The Relationship Continuum

Posted by | April 25, 2013 | Relationships | No Comments

Developing deeper relationships with consumers should be a key priority for every CMO in the country. Common sense dictates that the greater the emotional bond a brand can develop with a consumer, the stronger the loyalty to the brand. So many wonderful business building benefits come from this.  Deeper Relationships result in Brand Advocacy.  Brand Advocacy results in Word of Mouth recommendations.  Word of Mouth recommendations creates trial amongst new users.  New users can create a new audience for Brand marketers to develop deeper relationships.  This results in a wonderful upward spiral.  Ultimately yielding a scenario where Advocates beget Advocates.

This all sounds great, right?  So why don’t more Brands focus on developing deeper relationships with their consumers?  There are many reasons however, the first reason is the fact that many brand marketers loosely use the term relationship.  “My brand already has a relationship with my consumers.”  This statement is actually true.  Every brand has a relationship with consumers.  The problem is that most brand relationships do not go beyond a Transactional Relationship with the consumer.

Relationship Continuum

There are the four types of relationships people form. Understanding these relationships help marketers create experiences that are relevant to consumers and their communities. The deeper (or further right) the relationship becomes, the greater the level of trust between Brand and Consumer.

Transactional. In many respects, the most basic relationship. Most brands have established this relationship with its consumers. This is a basic quid pro quo arrangement with a consumer. There is very little “experience” beyond product performance expected or provided. You have a product and they give you something in order to get it. For most consumer-brand relationships, this is where it starts.

Neighbors. At this level, you and your consumers are not exactly friends, but you have a deeper relationship. An emotional tie begins to develop. Belonging to the neighborhood creates a bond and a point of specific relevance. You are cordial to one another when you are both out in the yard and sometimes you talk for a few minutes over the fence line. You will help each other by providing advice or recommendations. Sometimes your neighbor (customer) will even ask to borrow something, perhaps a tool or a helping hand, which your brand is happy to lend. And perhaps, after a while, you will move on to the next level of relationship. Developing a “neighborly” relationship with your customers will provide significant benefits to both you and your customer.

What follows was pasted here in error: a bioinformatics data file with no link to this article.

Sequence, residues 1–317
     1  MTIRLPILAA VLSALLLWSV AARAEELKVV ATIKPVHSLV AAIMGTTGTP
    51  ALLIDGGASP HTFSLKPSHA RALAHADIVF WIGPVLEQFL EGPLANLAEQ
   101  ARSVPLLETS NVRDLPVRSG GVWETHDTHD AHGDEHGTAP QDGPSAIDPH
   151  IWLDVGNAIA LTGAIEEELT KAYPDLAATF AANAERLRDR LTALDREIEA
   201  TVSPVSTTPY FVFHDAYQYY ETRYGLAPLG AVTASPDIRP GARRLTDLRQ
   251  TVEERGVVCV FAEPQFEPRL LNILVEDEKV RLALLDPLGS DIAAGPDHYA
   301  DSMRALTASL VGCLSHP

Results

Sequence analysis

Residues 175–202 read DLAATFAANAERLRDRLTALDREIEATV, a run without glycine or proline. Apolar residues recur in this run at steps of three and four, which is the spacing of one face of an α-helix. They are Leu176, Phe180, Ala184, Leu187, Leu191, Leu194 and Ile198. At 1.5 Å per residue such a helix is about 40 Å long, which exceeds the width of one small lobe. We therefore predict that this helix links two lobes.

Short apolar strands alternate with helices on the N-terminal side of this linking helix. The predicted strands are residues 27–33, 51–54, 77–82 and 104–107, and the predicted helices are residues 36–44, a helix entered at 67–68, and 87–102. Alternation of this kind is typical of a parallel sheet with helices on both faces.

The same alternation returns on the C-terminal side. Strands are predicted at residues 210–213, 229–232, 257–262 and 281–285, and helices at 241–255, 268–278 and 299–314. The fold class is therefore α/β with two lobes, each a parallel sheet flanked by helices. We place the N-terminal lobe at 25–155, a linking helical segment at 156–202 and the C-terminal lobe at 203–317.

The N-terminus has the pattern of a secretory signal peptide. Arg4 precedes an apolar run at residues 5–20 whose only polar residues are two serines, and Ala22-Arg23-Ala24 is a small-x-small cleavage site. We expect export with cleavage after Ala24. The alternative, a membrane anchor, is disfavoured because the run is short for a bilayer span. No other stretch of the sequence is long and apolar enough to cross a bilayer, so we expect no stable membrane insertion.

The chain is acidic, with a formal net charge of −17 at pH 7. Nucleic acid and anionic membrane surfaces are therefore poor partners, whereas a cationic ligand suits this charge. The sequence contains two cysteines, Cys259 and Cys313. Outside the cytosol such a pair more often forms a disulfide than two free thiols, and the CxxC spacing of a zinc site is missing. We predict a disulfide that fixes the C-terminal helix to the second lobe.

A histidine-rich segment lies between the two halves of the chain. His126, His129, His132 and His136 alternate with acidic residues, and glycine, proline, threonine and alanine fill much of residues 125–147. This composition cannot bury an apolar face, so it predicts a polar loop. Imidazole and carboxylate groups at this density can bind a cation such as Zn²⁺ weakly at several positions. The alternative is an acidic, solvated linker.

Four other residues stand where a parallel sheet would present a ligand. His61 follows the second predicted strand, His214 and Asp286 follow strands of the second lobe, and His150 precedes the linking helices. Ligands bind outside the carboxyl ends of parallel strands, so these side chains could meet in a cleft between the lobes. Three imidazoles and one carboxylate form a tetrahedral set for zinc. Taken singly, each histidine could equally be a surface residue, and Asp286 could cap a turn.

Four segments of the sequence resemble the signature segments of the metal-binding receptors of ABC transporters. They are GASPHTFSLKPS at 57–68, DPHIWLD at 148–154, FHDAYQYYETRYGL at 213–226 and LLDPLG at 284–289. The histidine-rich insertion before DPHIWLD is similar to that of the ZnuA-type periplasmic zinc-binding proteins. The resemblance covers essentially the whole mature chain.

Friends. This is where reciprocity becomes interesting. There is greater emotional connectivity leading to “altruism.” You do things for each other without expecting anything in return. If a consumer needs something, they expect you can provide it, without expecting something in return. And equally, you can go to your passionate “friends” among your fans and ask for help on a project, or for input, or for the all-important pass-along on a key piece of content, and they’ll do it without even asking for a small gift in return. Developing a friendship relationship takes many years of interacting with your consumers. The benefit of this type of relationship is tremendous.

Family. There is no quid pro quo at all expected here. You can always borrow from your mom, and she will always lend it, even if you don’t pay her back. Most brands are never going to make it to this level of relationship with a consumer. Here there is complete trust and open sharing and giving, with no need for reciprocity at all. And you can talk about anything, anytime. The Holy Grail. A member of the family will actively support another member, no matter what. And will want to share experiences with them, too. How to get into that tribe? Can a Brand develop a Family relationship with a consumer?  You will be surprised how powerful some Brand-Consumer relationships can be.

Driving deeper relationships is not easy.  It takes time, effort and sustained commitment.  Developing a deeper consumer relationship is not much different than developing personal relationships.  If Brands really want to drive to Brand Advocacy; they have to first focus on building relationships.

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